Giorgio Marfella
University of Melbourne, Melbourne

The history of curtain walls overlaps with that of tall office buildings of the post-WWII era, a period characterized by groundbreaking innovations that continue to underpin construction and architectural practices today. Tall buildings with glazed curtain walls are so widespread that they have become a staple of different architectural styles around the world.

Using the introduction of new glass products as a criterion for recognizing cultural significance and drawing evidence from the historical archives of a major American glass manufacturer, this presentation identifies a critical moment in the evolution of skyscrapers. By analyzing the transition from single- to double-glazing and from heat-absorbent to reflective glass, there are several plausible “first” moments of progress associated with the tall buildings of the 1950s and 1970s.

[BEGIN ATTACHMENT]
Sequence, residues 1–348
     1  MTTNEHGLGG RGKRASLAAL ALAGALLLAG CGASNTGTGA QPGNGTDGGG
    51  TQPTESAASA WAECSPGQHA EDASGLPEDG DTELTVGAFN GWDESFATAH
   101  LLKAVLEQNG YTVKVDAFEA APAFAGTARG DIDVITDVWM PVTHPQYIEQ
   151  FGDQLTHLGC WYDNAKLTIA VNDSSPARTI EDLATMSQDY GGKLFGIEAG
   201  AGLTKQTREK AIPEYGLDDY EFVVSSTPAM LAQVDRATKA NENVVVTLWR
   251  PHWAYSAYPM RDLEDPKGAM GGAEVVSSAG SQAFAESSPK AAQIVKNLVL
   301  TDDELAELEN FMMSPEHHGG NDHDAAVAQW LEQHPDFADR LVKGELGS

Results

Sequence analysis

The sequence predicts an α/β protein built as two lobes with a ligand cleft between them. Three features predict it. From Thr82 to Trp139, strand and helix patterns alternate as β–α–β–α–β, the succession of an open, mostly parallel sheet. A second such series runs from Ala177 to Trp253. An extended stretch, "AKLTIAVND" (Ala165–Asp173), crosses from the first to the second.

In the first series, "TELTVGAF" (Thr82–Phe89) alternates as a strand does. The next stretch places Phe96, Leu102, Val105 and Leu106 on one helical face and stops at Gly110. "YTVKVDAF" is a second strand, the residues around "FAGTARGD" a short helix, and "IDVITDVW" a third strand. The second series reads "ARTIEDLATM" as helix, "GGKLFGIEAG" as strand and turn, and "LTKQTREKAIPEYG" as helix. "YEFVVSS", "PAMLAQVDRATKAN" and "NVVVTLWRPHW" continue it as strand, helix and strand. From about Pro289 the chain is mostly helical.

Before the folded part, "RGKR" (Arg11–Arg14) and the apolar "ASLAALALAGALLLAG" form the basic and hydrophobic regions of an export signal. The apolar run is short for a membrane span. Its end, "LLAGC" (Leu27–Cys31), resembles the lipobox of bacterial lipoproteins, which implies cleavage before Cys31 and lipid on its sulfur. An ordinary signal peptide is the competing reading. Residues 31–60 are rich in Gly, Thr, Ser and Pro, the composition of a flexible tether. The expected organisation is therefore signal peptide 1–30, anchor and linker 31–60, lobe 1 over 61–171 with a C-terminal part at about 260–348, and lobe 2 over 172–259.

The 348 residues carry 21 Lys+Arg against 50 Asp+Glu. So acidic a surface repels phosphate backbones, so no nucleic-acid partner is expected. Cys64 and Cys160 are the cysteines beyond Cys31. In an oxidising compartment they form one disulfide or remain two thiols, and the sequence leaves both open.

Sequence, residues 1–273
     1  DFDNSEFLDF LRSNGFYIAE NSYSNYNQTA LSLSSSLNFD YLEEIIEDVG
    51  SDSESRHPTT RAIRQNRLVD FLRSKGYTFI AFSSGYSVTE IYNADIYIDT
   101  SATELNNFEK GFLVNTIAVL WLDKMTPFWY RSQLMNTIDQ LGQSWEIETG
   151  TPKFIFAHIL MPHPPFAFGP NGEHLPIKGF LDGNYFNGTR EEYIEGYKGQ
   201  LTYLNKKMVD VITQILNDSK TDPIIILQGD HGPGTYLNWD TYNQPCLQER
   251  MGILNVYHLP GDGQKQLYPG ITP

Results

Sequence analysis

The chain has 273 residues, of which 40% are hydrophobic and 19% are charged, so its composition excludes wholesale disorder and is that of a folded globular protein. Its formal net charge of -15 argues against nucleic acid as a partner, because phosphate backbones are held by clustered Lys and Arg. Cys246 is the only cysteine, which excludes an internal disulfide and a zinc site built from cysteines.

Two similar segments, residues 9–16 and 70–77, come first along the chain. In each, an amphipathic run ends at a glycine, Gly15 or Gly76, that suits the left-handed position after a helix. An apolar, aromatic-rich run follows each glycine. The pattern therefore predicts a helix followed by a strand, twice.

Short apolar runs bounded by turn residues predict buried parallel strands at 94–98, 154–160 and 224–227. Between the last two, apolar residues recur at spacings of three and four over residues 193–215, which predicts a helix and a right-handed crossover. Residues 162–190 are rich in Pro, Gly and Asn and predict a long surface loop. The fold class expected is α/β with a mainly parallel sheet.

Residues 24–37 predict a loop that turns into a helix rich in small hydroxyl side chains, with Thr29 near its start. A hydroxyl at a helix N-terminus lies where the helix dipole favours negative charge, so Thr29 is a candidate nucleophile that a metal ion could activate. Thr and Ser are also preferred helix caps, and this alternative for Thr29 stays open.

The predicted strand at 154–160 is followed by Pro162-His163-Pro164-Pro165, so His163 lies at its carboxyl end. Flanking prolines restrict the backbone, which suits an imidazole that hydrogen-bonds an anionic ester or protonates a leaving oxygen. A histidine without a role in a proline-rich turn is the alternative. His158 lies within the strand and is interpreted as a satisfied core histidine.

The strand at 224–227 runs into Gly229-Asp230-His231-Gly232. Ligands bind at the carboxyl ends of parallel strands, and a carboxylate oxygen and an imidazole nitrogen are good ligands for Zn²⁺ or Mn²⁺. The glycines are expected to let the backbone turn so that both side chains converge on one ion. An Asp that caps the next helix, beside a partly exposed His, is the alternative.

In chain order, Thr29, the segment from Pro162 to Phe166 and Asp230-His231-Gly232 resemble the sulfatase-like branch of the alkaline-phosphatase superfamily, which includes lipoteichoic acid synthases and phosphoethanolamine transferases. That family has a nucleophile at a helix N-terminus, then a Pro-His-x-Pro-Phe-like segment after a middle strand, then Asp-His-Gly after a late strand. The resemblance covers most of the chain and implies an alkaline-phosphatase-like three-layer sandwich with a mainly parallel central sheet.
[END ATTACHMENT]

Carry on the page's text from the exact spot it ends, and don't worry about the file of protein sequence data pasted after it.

The analysis of the adoption of glass innovations in tall buildings reveals a picture that challenges a post-modern myth that persists into the present, which paints modern American skyscrapers as energy-guzzling monsters entirely indifferent to environmental concerns. In the context of a general response to advancements of glass manufacturing that affected an entire generation of tall buildings, there are several examples worthy of mention, some of which may be unexpected. One of these examples is the Libbey-Owens-Ford Building in Toledo, Ohio, an unassuming office tower built in the International Style that, upon close inspection, exemplifies performance-based design strategies.

Ultimately, the use of glass in skyscrapers reinforces the idea that often times the final steps in a sequence of innovations are a matter of equal, if not superior, relevance to that of initial experimentation.